Saint Maria Gorretti - the book In Garments All Red is also a must read. It won’t take long as she only lived 11 years 10 months and a few days. Her love and devotion to God will not fail to make an impression on you. The video 14 Flowers of Pardon is also good.

May God bless you and keep you.

I’m a revert Catholic still trying to ‘get it’ and you know, had my anti days and I said the same things. 2 or 3 years ago on Ash Wednesday I was at a bus stop and there was one woman with ashes on her forehead and another woman waiting asked me what that was for. I was still an anti at that point and I cringe when I remember this… I told her, “Oh, that’s Catholic, I don’t believe in that anymore!” and the bus came at that moment, I got on and it hit me… I didn’t tell her anything about ashes to ashes, dust to dust, didn’t tell her squat about Jesus… just went on my anti-Catholic spiel. God was dealing with me, just took me some time. I’ve seen the woman who had ashes, haven’t seen the other yet.

I had a Lutheran aunt and she was so different. She made it clear she didn’t believe in what we did however she was never an anti-Catholic. She even asked for a rosary and she left a note in it’s container for when she passed away for it to be given to me. I still have it.

They’ll know we’re Christians by our love… wish I would’ve remembered that 2 or 3 years ago but I pray I do better now.

Welcome Home “Starforsaken” , glad you have joined us here and hope you continue in your search for truth. I am also a convert, first a Presbyterian, then Baptist, then Mormon, but now I am forever a Catholic!!! Our Precious Lord will guide you and be with you all the way.

Read anything and everything by Scott Hahn, but especially The Lambs Supper and his conversion story; and another saint that is one of my favorites is St. Francis De Sales. Go to Mass and then speak to the Priest, he should be able to give you the best advice for starting your journey in the church.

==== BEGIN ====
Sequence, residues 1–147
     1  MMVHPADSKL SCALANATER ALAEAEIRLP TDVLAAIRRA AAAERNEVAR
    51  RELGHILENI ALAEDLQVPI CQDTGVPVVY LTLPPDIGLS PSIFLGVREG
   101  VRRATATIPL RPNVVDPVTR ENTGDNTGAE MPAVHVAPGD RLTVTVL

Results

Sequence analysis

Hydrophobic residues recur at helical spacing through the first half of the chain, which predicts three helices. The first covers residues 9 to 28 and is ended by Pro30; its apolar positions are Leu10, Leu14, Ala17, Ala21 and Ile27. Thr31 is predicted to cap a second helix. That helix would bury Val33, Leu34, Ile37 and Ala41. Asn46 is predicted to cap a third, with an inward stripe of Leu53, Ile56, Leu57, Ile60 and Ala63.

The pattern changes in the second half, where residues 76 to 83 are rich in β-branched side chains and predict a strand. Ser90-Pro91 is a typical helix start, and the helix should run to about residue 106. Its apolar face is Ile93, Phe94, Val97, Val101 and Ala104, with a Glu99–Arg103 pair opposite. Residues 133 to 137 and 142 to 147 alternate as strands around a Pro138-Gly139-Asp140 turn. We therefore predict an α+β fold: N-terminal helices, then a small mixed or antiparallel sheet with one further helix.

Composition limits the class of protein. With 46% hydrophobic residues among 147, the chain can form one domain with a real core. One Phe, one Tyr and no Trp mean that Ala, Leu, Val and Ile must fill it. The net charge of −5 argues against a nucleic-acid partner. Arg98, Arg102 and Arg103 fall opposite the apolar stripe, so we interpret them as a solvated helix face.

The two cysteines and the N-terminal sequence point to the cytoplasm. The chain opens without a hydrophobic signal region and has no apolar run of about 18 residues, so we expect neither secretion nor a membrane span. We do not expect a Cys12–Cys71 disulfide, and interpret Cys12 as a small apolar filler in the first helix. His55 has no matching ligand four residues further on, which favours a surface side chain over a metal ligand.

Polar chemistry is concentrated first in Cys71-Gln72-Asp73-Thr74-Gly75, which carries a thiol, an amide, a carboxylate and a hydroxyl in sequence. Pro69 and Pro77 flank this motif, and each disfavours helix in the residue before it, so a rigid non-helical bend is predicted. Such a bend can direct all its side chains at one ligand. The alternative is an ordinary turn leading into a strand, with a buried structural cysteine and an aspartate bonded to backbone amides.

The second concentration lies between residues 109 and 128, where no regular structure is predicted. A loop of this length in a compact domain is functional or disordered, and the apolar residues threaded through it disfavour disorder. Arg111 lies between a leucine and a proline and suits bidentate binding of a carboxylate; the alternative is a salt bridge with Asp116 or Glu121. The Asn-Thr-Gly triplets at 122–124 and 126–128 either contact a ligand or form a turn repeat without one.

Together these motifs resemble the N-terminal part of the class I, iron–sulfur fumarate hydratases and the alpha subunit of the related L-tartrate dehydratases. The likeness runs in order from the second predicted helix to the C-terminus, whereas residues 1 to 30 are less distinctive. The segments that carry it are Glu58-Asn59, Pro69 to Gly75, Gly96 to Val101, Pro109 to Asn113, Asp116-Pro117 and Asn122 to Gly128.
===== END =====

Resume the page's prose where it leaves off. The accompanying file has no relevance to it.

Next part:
May the Lord be praised, may He always be praised.

Of course you can come to a Catholic church! I wouldn’t be overly concerned about dress – most of the masses I have attended in recent history are all pretty casual, especially the ones held in the evenings. My family wears jeans when we go at night, but wear what we wear to work (knakis/polos) in the mornings.

You can and should attend Mass! If you can get your hands on a Missal or find a resource that explains the Mass you might find it helpful as there are a lot of genuflections, standing, kneeling etc that happen and are well-scripted. If you can find (and I am sorry I have no resources) a full Mass explanation, you might feel more at ease the first few times you attend. You should not, however, receive Holy Communion until you come into full communion with the Church through Baptism and Confirmation. I also do not believe that you can go to Confession until you complete RCIA, but don’t know that one for sure.

Speak to a priest or the diocese about starting RCIA. You are on a wonderful journey and there is so much more for you to learn! I pray for the Spirit to continue to nourish your desire for truth and knowledge. As Scott Hahn said, “There is genius in Catholicism.” I know you’ll find what you are looking for!

Thanks so much for sharing, I can relate a lot to your story, only that I was baptised/recieved communion/confirmed in the Catholic Church before falling away (and subsequently returning).

I have a million things to say, but I’ll try to be brief: the deeper you dig into the Catholic faith, the greater the treasures. Sounds like you have an enquiring mind, so don’t stop digging, even when you get discouraged and feel like throwing it all away. The peace of Christ be with you…

PS. The conversion story of Scott Hahn, as someone mentioned above, will be some good encouragement. Please private message me if you would like an audio copy.